Doomed dog escapes capital punishment … for now

Man pretending to be a police officer kidnaps German Shepherd who was to be put down because it bit another dog

January 31st, 2013 11:03 am| by admin
facebooktwittergoogle_pluspinterestmail

A German Shepherd who was due to be put to sleep for biting another dog was kidnapped from a Hillerød kennel last night following an online effort by animal lovers to save the dog's life. 

According to the North Zealand Police, the dog Thor was taken from Hestehavehus Hundepension kennel on Tuesday night by a man who impersonated a police officer. Thor was scheduled to be put down on Wednesday at 14:00 after authorities ruled that the bites he had caused another dog were grave.

Police are still looking into the case, which they referred to as “serious”.

“I don’t remember ever hearing of a case like this, but we are taking it very seriously,” police spokesperson Henrik Suhr told Ekstra Bladet tabloid. “We want to hear from people who know something about the case.”

Thor's fate was sealed in September 2012 when the seven-year-old Alsatian and his owner Jette were out for one of their usual walks when a smaller dog jumped out from behind a container, scaring Thor so much that he bit the dog once.

Jette and the owner of the smaller dog were both apologetic of the incident and exchanged information. When the smaller dog was taken to the vet, the incident was reported to the police and Jette received a fine, which she promptly paid and assumed that the case was over.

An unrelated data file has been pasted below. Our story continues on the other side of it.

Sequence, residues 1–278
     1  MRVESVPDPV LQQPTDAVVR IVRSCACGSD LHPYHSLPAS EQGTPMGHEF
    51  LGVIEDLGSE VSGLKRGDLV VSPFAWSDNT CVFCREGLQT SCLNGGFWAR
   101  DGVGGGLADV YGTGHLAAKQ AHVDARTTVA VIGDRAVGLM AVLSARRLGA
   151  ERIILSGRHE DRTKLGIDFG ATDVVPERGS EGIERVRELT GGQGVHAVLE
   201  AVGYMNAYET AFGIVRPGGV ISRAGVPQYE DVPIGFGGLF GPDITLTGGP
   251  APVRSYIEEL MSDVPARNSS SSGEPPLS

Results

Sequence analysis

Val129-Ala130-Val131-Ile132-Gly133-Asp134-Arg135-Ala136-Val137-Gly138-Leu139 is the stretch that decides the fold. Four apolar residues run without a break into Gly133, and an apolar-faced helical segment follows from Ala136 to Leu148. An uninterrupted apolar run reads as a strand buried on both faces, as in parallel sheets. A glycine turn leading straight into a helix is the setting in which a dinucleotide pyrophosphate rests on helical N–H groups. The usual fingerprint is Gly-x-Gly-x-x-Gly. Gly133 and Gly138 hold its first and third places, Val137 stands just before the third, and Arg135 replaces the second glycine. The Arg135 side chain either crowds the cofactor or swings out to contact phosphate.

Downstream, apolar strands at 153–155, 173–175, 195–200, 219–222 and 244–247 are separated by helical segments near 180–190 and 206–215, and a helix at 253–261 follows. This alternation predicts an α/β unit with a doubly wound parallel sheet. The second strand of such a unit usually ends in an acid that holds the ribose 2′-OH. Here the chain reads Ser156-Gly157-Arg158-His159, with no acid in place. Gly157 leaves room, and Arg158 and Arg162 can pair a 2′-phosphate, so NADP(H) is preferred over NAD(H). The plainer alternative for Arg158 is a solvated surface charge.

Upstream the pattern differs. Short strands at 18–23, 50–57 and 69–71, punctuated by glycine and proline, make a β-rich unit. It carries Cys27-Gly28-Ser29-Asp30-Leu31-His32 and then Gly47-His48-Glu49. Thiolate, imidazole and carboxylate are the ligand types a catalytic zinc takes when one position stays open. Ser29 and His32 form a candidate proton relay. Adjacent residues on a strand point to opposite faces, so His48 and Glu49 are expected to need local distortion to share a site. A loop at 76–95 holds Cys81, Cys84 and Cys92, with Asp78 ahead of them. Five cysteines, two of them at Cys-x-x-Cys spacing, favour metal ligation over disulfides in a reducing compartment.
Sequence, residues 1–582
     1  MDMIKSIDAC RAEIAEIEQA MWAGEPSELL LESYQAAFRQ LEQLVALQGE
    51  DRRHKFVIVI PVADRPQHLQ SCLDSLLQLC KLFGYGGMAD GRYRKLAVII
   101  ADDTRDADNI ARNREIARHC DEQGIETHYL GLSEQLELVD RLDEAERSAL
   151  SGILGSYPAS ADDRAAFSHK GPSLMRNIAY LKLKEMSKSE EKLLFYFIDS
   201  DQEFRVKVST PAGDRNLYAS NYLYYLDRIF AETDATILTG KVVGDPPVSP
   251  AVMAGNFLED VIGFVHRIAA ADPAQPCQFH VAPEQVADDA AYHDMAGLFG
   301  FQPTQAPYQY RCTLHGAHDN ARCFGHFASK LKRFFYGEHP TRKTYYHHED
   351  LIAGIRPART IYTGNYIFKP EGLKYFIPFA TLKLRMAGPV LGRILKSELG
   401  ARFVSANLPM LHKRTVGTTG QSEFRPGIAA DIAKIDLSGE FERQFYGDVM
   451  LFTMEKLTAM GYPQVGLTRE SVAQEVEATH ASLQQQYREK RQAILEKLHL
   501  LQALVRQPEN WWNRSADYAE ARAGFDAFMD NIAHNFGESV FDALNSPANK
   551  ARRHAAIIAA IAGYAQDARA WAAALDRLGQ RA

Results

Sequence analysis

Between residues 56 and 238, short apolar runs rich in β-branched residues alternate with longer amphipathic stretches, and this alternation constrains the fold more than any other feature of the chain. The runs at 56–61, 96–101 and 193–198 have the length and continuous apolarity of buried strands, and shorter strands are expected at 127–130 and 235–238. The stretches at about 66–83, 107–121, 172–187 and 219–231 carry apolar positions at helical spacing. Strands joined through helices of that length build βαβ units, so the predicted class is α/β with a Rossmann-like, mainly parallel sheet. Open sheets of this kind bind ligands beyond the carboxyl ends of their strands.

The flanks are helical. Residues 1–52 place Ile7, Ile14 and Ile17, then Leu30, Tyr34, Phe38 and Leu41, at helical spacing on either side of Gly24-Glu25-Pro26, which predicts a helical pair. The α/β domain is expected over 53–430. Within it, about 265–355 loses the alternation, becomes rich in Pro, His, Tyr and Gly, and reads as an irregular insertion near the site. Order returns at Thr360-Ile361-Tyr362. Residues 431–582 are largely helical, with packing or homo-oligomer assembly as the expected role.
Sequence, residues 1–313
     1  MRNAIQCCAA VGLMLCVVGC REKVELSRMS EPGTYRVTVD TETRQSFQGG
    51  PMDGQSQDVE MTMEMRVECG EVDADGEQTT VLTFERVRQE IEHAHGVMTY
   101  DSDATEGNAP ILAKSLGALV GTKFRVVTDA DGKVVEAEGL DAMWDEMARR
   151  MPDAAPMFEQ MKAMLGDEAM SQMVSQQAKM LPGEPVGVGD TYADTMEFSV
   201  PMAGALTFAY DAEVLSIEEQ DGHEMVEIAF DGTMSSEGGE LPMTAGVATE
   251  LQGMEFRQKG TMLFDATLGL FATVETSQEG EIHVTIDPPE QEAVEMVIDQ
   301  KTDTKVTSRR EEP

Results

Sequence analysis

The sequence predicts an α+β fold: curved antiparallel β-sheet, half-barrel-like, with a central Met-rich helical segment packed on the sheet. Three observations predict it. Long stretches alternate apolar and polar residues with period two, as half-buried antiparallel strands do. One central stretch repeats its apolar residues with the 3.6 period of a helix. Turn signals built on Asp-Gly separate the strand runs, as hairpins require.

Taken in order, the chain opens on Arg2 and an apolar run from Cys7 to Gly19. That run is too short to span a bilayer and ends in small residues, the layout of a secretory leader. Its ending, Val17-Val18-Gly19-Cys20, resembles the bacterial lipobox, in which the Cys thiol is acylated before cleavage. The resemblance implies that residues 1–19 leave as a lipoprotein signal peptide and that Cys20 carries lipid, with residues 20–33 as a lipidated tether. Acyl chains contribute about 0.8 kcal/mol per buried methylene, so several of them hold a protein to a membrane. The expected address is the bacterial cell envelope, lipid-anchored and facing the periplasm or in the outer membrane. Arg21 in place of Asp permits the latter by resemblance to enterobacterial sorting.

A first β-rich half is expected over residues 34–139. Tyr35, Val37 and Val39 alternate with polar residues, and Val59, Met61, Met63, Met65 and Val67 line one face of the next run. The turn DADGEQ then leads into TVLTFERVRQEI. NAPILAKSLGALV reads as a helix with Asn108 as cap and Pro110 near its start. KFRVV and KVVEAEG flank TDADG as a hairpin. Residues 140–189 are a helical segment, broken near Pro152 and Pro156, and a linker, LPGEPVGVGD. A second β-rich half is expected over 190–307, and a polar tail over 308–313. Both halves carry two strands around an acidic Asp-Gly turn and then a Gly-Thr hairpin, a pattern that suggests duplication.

But ten weeks later, three policemen showed up at Jette's door and confiscated Thor, who has been ordered to be put to sleep because of the injuries sustained by the smaller dog and due to the fact that they ruled that Thor’s behaviour in the case was not ‘natural’.

“We have looked at the circumstances and the facts and the vet has estimated that there was several bite wounds and the injured dog received stitches several times,” police spokesperson Thomas Kristensen told Ekstra Bladet.

But dog advocates Fair Dog contend that the police are in the wrong.

“We are shocked that the police can decide whether a dog is to be put down or not. They are to evaluate what the natural behaviour of a dog is. They say that it was not natural that Thor bit the dog, but it was. It is not necessarily a grievous bite if the dog exhibits natural behaviour,” Charlotte Andersen, head of Fair Dog, told Ekstra Bladet.

A Facebook campaign protesting against Thor's death sentence has been shared nearly 1,000 times and Thor has featured heavily in last few days of national media coverage. 

Wozniacki might fancy her chances given the easy draw ahead (photo: si.robi)
Wimbledon draw opening up as Wozniacki advances to last 16
The draw is opening up nicely for Caroline Wozniacki at Wimbledon where she...
An infectious performance (photo: Merlijn Hoek)
Roskilde 2015: Kendrick Lamar rocks Orange Scene to its core
  The 80,000-strong audience at Roskilde last night have Kendrick ...
Jeffrey Hunter and his dog Butch
July 4 special: Americans living the dream in Denmark
The US is admired the world over for the many liberties and freedoms deno...
No Washington state fair would be complete without it (all photos: Luisa Kyca)
Washington State Fair comes to Rydhave for early July 4 party
The who's who of Copenhagen’s diplomats and celebrities gathered in the g...
Your kids could have an upbringing rich in culture, but bereft of their own (photo: istock)
Mental Floss: What about the children?
When you move around the world as an expat and are a parent at the same tim...
The South Korean festival was a great success (Photo: South Korean embassy)
Getting quizzical at the Korean Kimchi Festival
We all know the Danes like to do it ‘Gangnam Style’, but from June 26-2...